When food was delivered in wooden crates
The cover of the wooden crate was nailed shut and there wasn’t a hammer in sight to pry it open. I wanted to desperately see what was inside when I zeroed in on the words stamped in black at the top of the cover:
“Paul Cristy Funeral Home, Millville, N.J.”
Did the box contain someone’s ashes, I wondered aloud to my auction-buddy Janet.
We were visiting an auction in South Jersey, one we used to go to often but hadn’t been to in a while. We had always found goodies on the large back lot of this auction house where boxes of stuff would be laid out in long rows. On this day Janet – who doesn’t get to auctions as much now that she works full time – and I didn’t find any goodies.
There were lots of tools – many of them rakes and hoes and gardening equipment – furniture, porcelain dolls, a John Deere riding mower that the driver actually drove to his car over gravel and concrete, wooden crates and a myriad of other stuff not worth mentioning.
But I could find nothing to lift the nails on the wooden crate. Tilting the box slightly so I could see one side, I found the remnants of a sign for ready-mixed paint. Then looking even more closely, I realized that the cover of the box also bore the name of a paint company out of Philadelphia.
So maybe the box did not hold a container of ashes but a can of paint. That was a lot less exciting than the former. Checking out the box did pique my interest in a pile of others nearby and scattered throughout the yard. At some point they all had contained shipped products – from yellow mustard to Ivory soap.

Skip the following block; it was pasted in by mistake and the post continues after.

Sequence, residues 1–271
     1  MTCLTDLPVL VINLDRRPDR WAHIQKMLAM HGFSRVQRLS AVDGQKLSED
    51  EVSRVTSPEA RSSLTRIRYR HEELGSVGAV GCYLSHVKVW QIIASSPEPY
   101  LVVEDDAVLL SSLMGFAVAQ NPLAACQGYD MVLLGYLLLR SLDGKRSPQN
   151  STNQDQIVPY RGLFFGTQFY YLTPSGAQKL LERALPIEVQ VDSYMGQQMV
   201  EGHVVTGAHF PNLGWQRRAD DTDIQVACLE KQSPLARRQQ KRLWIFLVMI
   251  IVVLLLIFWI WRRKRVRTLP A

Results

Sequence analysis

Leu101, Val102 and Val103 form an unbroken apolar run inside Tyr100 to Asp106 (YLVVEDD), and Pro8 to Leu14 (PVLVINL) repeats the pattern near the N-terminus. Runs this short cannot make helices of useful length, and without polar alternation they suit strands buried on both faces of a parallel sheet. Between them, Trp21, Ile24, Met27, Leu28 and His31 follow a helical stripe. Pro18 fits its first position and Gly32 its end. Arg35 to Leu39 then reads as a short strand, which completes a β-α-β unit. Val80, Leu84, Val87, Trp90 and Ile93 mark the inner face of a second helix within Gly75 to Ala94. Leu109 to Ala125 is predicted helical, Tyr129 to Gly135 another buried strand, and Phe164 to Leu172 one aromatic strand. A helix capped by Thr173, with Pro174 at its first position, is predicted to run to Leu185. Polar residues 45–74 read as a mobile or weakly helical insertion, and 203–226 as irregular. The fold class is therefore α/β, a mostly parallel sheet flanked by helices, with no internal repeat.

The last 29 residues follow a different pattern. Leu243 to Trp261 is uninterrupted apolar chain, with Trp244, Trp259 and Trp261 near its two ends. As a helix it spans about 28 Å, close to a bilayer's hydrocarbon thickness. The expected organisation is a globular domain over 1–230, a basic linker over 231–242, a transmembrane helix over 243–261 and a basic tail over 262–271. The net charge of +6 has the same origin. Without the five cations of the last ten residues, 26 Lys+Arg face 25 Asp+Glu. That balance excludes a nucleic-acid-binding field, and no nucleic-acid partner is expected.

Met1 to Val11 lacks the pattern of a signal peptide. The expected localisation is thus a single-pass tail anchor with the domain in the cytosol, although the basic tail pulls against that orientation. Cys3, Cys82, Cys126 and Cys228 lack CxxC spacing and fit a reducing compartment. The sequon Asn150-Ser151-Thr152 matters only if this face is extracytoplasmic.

It made me realize that these boxes had their own history – they were the go-to containers before cardboard. Now, it’s very common to see lighter-weight cardboard boxes for storing and transporting.
I love the old small wooden crates that still have their labels, and I have several on my front porch. I’m using them now to hold firewood (which I didn’t get to use during the winter). All have dovetailed sides that fit like a puzzle, and add to their decorative look.
Most of the wooden crates at the auction had sides stenciled with the name of the company. None of them were fruit crates that usually contained more colorful and elaborate paper labels denoting the name of the grower. In the late 19th century California growers started this trend of putting labels on their shipping crates. Iceberg lettuce, for example, had been shipped in labeled wooden crates in iced cars since the 1920s. By the 1950s, with new cooling methods, the lettuce was transported in cardboard boxes, replacing the crates (in much the same way the crates had replaced barrels for storing and shipping).
This was about the same time that commercially made labels fell out of use, too. Some of those labels are now collectible.
Here are some of the boxes from the auction showing the products they held: